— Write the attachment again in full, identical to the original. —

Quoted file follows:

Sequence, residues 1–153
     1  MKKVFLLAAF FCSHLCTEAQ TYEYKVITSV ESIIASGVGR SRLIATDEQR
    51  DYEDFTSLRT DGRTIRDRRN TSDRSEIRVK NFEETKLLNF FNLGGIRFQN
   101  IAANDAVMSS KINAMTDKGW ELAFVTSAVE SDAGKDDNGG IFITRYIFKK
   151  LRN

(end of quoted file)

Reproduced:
Sequence, residues 1–153
     1  MKKVFLLAAF FCSHLCTEAQ TYEYKVITSV ESIIASGVGR SRLIATDEQR
    51  DYEDFTSLRT DGRTIRDRRN TSDRSEIRVK NFEETKLLNF FNLGGIRFQN
   101  IAANDAVMSS KINAMTDKGW ELAFVTSAVE SDAGKDDNGG IFITRYIFKK
   151  LRN